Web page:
It’s that time of the year again! Exams around the corner? Still uncertain with the do’s and don’ts? Fret not! Take a deep breath and dive straight into this crash course designed especially for you students to recollect and gain confidence in acing the English as a Second Language Paper.
Style of Your Writing
Ensure you compose in the style that the question requires you to. This is particularly essential to obtaining high language marks.
- Summary writing
- Informal letter
- Discursive writing
1. Summary writing
Transcribe this in a summary presentation; this means no introduction or conclusion. Get to the point! Convey the points utilizing linking words and rearticulate the issues from the article into your individual comments if you are able to!
2. Informal letter
Pen this in a friendly conversational letter style, do not write this as if you were texting your friends on Facebook.
3. Discursive writing
This is generally an article for your college/school magazine or newspaper. Script this as if you were writing an actual item for your school; think about the language you would use. Feel about how newspapers are scripted.
Linking words is especially important in your writing, specifically in your summary and discursive essays. Do make a list and confirm you have an assortment of them memorized for your usage. For examples and further explanations on linking words, click here.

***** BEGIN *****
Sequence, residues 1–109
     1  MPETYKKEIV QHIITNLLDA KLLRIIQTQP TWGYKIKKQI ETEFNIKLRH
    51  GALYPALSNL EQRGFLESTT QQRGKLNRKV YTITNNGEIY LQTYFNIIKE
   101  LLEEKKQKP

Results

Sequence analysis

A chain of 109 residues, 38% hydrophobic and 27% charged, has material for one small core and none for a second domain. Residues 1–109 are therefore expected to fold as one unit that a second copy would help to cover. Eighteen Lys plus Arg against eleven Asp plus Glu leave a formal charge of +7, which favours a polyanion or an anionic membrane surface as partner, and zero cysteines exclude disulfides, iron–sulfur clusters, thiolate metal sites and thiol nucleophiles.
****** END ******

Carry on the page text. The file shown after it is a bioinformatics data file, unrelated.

Constantly use a wide array of vocabulary but do not try to impose any problematic words that you are hesitant of into your ESL writings; not only would it not fit in any of the questions, but chances are you are also going to make blunders that may affect the examiner’s interpretation of your writing.
Usage of Language
To attain excellent grades for your language style, you should contemplate using idioms in your text. Although expressions are complex for several students who are not native English speakers, there are a few and far between which are really straightforward to use, such as :
“Actions speak louder than words.” or “Can’t judge a book by its cover.”
Just keep in mind you only need one or two usual ones for the exam but make sure you use it correctly; otherwise, it can trigger more harm than good!
Idiom Suggests: A method of addressing that is inherent to native speakers of a language.
To find out 50 of the most useful idioms and their meaning, click here.
In the exam, exercise 3 of Paper 1 is a reading task, where a short passage is provided, and you are asked to make notes on it under the headings given. This is again, an effortless enough task but you need to be careful to make certain that you are writing the correct points.
- Study the headings.
First, interpreting the headings given in the question will be the best way of engagement. It will tell you what evidence you need to find from the passage and copy into your response.
- Read the passage.
While interpreting, underline the points that you can jot down beneath each heading.
Answers are bound to be wherever, but usually goes in a consecutive order.
- Write down the points under each heading.
You do not have to write in detailed sentences. You can quote the text as it is from the passage. You should only write one point per line given.
Squandering trivial scores on this question can hinder you from achieving the goals of an A*!
Practice Makes Perfect
It might be better if you accomplished by doing A LOT of past paper questions. I recommend you do at the slightest one paper a week so you can get used to the exam format, as this can make you feel less anxious when you take the actual exam!
The more past exam papers you do, the more accustomed you are going to get with the real exam. Hence, I recommend you do at least 10-15 exam papers before your test.